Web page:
ram vision

Daniel Chapter 8

goat prophecy

The ram and goat vision of Daniel chapter 8 is usually interpreted in
accord with the translated text stated in Daniel 8:20-21,

                         Ram   =  Medo-Persia
                         Goat  =  Greece

The first horn of the goat is commonly viewed as Alexander the Great and
the little horn as the Greek king Antiochus Epiphanes (who desecrated the
temple about 168 BC).

For this reason the Daniel chapter 8 prophecy is usually deemed to be a
prophecy which is fully fulfilled.


The common explanation, alluded to above, does reasonably correlate with
the requirements of the prophecy, but fails to fully explain the clear
end-time references found in verses 17, 19 & 25. The view also fails
to adequately explain verse 26, which clearly states this vision was
'sealed'. (Note, Daniel 12:4 makes it perfectly clear that the very
purpose of 'sealing' was to hide understanding of the true meaning
until 'the time of the end'.)

The bible student needs to understand that the surface meaning of
Daniel chapter 8 is NOT the true teaching of this prophecy!

So how should we understand the biblical explanation of the ram being
Medo-Persia and the goat being Greece? The answer is we should become
aware that the symbols of the ram and goat are being even further
symbolised. That the two ancient empires, Medo-Persia and Greece, are
also being presented as symbols. That God in the text of chapter eight
simply does not wish to identify the actual entities being discussed.


Determining the true teaching of this prophecy requires a consideration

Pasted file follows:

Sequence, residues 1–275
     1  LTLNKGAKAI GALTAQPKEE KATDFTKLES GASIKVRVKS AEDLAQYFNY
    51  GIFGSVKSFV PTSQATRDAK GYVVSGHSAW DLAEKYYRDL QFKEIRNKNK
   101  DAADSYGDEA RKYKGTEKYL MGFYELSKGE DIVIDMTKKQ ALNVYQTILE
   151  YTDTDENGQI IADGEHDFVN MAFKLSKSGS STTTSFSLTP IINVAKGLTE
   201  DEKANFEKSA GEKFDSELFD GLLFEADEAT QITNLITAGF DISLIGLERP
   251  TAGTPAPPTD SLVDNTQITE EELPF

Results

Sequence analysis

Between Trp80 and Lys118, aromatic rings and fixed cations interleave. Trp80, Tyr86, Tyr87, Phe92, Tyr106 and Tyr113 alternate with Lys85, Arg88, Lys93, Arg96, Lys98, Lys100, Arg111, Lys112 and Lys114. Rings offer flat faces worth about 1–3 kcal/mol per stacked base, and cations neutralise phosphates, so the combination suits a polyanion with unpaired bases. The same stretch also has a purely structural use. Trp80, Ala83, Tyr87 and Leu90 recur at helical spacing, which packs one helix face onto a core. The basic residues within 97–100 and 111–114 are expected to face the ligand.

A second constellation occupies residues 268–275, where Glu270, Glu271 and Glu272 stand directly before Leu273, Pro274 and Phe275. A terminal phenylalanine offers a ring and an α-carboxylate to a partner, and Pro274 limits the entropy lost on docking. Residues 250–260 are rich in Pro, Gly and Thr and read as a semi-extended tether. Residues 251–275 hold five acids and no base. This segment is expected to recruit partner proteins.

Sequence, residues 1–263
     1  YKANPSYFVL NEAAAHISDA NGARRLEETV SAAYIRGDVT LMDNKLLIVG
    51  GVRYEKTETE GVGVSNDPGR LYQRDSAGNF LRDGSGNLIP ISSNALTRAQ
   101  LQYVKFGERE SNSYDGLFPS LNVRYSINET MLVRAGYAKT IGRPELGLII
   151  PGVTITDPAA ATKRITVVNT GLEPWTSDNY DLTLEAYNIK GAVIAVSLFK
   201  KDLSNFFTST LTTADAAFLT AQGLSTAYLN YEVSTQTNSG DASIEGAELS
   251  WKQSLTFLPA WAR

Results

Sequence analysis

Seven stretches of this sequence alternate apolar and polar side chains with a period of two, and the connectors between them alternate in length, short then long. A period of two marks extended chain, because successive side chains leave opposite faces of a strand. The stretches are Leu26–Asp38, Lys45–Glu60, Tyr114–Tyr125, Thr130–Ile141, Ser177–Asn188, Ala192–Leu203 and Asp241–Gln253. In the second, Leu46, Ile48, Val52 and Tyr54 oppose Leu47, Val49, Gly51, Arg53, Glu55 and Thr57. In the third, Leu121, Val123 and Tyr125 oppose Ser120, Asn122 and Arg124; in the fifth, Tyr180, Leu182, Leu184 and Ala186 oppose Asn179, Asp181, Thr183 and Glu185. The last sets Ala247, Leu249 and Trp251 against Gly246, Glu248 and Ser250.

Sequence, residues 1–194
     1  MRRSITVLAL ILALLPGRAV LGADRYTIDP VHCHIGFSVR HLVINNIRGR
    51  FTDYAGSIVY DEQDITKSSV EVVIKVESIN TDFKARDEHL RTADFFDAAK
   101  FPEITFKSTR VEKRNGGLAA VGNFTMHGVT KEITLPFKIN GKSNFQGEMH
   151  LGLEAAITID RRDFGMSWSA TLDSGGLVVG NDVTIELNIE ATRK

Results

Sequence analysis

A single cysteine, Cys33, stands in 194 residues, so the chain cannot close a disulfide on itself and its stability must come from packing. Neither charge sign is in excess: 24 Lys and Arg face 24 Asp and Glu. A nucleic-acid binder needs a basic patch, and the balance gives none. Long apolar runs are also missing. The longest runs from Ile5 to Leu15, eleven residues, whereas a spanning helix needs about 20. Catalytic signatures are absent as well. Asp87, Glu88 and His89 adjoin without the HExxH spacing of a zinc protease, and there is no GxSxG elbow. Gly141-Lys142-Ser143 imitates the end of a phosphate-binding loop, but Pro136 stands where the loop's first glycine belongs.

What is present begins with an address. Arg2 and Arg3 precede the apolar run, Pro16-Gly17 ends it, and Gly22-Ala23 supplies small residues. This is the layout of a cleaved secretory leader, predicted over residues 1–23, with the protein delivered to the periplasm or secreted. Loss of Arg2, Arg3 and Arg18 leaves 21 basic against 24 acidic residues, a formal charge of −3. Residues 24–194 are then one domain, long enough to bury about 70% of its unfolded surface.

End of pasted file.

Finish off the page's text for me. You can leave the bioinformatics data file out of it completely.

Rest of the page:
1) related prophetic scriptures
          2) a pattern of events which can be matched to
             the structure presented in the vision.

The matching of the pattern presented: ie an entity with 2 horns, where
the higher horn rises last, which is then defeated by an entity with one
great horn, only to be later broken and replaced by 4 horns. Then in the
end-time, from one of these 4 horns, arises a horn which will exalt
itself and finally challenge the 'Prince of princes'.

Scripture does not supply sufficient information relevant to other Gentile
kingdom transitions to enable the selection of another suitable Gentile
perspective. However, Scripture does provide ample information regarding
the history of physical Israel and to a lesser extent Christianity.

If one searches Scripture for a king (or kingdom) which could represent
the first horn of the goat, it is apparent several options are possible:

          1) Jeroboam, the first king of the house of Israel.
             Some of the major subsequent kings of the house
             of Israel representing the 4 horns.

          2) King Josiah, who re-united the divided kingdom.
             His four descendants, who rose to the throne,
             possibly being the subsequent 4 horns.

          3) Jesus Christ, followed by four prominent apostles
             of the New Testament church.

To help select the most appropriate choice one must determine the scope
of the ram and goat vision.

While it is apparent that the sealed message of the vision reaches to the
end-time, what is not so apparent is which event initiates the prophecy.

To determine this event, and the time spanned by this prophecy, we need
to consider the literal duration of the period 2300 (Daniel 8:14).